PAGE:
Disinformation and the spread of fake news –mainly through social media– generates an increasing concern among the global democratic community. Similarly, other threats related to the distribution of information online –how content algorithms generate echo chambers that can push citizens into ideological one-sidedness or how anonymousness fosters the spread of hate speech–are some of the drivers of the latest political shifts in different continents of the world. As the evidence of these threats to democratic societies grows, particularly those related to disinformation campaigns on democratic systems, policymakers show an appetite for solutions.
“We must redesign our information ecosystem in the 21st century”, wrote a group of 16 political scientists and legal scholars following publication of the largest-ever study on fake news from Science magazine.
The WLA - Club de Madrid detected this demand for solutions from scholars and citizens and joining celebrations of the 100 years of Latvia’s statehood will hold a roundtable on Global Governance for Information Integrity in Riga, together with the Latvian Ministry of Foreign Affairs and with the support of NATO Strategic Communications Center of Excellence.
Our Roundtable will take place on 27th September, just before the Riga Security Conference (28th - 29th September). WLA - Club de Madrid members will join panel discussions at the Conference to present the conclusions from the Roundtable.
Members that will attend the events in Riga events are the following:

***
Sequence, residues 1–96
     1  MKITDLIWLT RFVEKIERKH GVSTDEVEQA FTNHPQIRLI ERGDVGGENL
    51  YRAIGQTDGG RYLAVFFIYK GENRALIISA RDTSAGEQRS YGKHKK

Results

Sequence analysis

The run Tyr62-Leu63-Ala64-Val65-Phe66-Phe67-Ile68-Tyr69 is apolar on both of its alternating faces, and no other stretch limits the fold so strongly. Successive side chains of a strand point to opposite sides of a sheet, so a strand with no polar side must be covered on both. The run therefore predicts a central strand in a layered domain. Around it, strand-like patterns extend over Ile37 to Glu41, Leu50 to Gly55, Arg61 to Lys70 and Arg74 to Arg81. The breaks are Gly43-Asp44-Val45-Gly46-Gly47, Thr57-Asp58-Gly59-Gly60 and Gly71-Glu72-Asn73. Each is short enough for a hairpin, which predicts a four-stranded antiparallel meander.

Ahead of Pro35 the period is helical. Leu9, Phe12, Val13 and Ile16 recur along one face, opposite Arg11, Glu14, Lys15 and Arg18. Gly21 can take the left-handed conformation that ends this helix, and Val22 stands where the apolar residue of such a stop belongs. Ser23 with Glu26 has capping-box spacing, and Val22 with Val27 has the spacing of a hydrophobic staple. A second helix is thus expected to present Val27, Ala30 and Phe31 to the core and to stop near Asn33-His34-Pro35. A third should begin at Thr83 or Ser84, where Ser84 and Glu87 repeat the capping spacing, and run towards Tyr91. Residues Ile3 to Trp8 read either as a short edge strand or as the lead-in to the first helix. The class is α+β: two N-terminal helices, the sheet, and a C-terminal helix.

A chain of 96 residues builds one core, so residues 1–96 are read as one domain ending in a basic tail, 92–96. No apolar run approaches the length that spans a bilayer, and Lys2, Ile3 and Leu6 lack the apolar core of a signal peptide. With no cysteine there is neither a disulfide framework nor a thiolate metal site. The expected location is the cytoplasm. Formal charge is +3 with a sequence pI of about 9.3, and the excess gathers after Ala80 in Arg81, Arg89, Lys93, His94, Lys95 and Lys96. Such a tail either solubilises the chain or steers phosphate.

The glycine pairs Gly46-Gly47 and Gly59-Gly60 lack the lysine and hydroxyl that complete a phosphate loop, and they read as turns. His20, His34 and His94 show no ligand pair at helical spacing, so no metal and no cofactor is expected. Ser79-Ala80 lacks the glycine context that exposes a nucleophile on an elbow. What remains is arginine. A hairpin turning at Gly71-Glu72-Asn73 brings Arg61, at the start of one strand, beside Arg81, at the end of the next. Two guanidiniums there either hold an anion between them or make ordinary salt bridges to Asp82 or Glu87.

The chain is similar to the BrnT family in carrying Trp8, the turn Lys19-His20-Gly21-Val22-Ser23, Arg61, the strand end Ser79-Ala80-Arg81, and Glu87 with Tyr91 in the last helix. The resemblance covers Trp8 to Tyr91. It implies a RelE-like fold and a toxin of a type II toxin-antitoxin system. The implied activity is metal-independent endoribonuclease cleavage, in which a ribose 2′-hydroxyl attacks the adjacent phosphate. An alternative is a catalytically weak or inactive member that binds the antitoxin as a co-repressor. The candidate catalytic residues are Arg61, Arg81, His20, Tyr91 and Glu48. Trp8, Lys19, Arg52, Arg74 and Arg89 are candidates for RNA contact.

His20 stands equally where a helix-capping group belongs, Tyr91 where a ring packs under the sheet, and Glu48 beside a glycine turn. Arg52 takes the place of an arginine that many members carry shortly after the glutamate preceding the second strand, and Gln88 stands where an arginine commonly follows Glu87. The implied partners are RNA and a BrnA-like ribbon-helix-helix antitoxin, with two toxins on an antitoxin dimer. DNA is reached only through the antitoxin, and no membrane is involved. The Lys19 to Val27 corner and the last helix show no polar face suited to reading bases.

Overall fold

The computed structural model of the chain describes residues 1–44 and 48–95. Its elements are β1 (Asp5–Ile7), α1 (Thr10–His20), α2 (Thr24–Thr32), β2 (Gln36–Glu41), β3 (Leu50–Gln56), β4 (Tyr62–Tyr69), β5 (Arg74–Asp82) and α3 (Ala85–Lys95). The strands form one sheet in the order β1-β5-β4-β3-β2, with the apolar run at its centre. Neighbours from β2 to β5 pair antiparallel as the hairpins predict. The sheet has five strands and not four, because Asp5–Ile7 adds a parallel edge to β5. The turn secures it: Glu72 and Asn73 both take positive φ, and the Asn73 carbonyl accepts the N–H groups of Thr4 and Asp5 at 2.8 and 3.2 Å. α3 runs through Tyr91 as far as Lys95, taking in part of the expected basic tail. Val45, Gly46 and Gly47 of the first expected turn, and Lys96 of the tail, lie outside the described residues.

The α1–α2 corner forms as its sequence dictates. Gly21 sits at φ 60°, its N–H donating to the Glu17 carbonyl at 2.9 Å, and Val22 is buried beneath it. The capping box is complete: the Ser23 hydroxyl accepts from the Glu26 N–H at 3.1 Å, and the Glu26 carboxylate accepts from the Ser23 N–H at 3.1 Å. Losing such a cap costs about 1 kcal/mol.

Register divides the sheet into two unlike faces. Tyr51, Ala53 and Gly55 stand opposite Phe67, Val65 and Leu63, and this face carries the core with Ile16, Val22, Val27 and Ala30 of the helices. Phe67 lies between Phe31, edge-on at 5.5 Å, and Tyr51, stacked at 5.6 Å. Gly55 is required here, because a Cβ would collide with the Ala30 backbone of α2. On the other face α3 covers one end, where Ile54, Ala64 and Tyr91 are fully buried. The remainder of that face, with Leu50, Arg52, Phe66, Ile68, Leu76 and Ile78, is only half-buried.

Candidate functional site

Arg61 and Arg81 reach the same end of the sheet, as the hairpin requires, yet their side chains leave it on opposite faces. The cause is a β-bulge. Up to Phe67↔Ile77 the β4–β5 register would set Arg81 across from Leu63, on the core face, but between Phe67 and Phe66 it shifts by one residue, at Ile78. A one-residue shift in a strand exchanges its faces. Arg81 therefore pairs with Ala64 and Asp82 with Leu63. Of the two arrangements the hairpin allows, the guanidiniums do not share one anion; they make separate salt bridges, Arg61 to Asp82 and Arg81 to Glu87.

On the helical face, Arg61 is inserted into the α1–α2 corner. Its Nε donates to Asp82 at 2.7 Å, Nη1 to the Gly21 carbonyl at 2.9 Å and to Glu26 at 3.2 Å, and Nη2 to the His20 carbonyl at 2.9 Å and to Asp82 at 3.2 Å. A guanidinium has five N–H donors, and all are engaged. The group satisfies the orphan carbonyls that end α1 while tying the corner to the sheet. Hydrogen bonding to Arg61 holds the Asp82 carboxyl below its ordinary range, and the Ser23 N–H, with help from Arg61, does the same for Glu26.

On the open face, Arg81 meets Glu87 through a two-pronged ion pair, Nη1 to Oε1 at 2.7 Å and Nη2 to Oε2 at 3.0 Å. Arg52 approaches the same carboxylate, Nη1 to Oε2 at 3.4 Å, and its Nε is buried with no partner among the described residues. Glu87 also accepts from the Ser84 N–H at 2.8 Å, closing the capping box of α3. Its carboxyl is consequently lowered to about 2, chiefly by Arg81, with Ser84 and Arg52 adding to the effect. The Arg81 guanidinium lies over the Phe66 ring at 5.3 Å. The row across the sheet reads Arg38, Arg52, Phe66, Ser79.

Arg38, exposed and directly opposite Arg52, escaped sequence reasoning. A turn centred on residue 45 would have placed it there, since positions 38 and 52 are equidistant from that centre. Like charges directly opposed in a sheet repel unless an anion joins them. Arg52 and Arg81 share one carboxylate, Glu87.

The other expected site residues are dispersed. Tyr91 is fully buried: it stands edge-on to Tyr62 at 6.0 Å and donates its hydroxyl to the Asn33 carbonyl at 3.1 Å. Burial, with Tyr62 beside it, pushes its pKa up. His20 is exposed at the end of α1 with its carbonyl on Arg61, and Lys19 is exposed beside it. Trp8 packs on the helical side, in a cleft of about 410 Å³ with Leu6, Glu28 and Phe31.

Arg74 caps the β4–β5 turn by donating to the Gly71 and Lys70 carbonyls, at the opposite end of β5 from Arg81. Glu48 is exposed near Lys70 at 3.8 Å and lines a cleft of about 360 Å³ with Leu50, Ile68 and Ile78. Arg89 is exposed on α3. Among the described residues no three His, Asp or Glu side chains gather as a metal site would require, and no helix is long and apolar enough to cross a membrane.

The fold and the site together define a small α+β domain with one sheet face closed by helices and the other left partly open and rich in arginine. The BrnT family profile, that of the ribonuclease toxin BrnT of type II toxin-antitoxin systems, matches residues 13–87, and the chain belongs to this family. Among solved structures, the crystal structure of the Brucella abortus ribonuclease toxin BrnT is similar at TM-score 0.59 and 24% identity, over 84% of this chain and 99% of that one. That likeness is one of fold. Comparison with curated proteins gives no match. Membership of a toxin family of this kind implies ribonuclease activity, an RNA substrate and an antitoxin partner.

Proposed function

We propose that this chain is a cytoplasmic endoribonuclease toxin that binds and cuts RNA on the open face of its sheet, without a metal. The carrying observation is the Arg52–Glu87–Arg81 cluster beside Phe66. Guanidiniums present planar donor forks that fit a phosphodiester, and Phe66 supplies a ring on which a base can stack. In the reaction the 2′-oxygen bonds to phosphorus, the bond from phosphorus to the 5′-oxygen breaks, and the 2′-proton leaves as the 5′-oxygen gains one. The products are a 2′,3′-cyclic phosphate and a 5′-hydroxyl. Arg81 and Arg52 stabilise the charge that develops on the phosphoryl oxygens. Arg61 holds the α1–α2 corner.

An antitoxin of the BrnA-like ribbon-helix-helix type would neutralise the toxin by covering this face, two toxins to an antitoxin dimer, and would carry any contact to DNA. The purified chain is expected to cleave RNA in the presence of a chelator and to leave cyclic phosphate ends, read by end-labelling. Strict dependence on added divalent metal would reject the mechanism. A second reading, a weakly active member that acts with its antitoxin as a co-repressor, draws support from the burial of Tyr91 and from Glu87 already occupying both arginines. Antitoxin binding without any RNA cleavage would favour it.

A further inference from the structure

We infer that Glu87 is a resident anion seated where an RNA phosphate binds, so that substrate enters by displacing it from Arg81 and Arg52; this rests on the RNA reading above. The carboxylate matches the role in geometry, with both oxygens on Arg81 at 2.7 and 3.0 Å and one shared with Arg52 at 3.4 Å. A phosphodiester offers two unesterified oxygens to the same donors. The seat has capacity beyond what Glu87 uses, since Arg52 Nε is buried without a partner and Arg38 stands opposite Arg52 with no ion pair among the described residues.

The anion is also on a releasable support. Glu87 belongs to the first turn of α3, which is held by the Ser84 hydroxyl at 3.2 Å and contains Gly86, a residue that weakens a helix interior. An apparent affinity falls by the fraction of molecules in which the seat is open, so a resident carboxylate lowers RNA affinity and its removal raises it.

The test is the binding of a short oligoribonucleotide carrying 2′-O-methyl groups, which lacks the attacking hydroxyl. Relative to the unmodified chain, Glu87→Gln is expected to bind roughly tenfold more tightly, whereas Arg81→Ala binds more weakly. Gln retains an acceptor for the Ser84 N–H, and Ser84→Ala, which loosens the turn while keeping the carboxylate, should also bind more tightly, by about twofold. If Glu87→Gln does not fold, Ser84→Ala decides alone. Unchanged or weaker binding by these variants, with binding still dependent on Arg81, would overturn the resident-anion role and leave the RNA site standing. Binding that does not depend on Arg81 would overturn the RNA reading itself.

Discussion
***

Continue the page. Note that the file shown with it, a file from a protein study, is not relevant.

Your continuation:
• Vaira Vike Freiberga, President of the WLA - Club de Madrid and former President of Latvia
• Mehdi Jomaa, Former PM of Tunisia
• Valdis Birkavs, Former PM of Latvia
• Tsakhiagiin Elbegdorj, Former President of Mongolia
• Alfred Gusenbauer, Former Chancellor of Austria
The Global Governance for Information Integrity will leverage the political clout of our members together with input from top experts from leading institutions –like the NATO Strategic Communications Center of Excellence and the Latvian Association of Political Science– governmental bodies and elected representatives (MEPs), in an effort to produce consensus-based policy recommendations. Its aim is to protect information integrity, defined as the trustworthiness, balance, and completeness of information that shape political perceptions of citizens.
Three pathways have been identified for action at the global level:
1. Protecting the integrity of political information through global governance.
2. Educating citizens to be discerning users of digital media.
3. Creating incentives for new business models that reward transparency, accountability and social inclusion in online information sharing.
While national legislative efforts are underway in some countries following the guidelines above, ours is one of the few efforts at the global scale to produce meaningful policy recommendations around the main threats to information integrity. We identified the following: online anonymousness, pay-per-click business models, easy propagation of hate speech and polarizing ideas through filter bubbles created by content algorithms, and renewed opportunities for digital surveillance by authoritarian regimes.
The Global Governance for Information Integrity builds upon previous discussions of the WLA-Club de Madrid about how digital technology has disrupted the information ecosystem. Last February, also within Next Generation Democracy - a project on the state and future of democracy that aims to identify and reverse disquieting trends in democratic development -, Members of the WLA-Club de Madrid joined NewCo and IT sector leaders in discussions on the state of democracy in North America. Social media potential threats to democracy were widely discussed.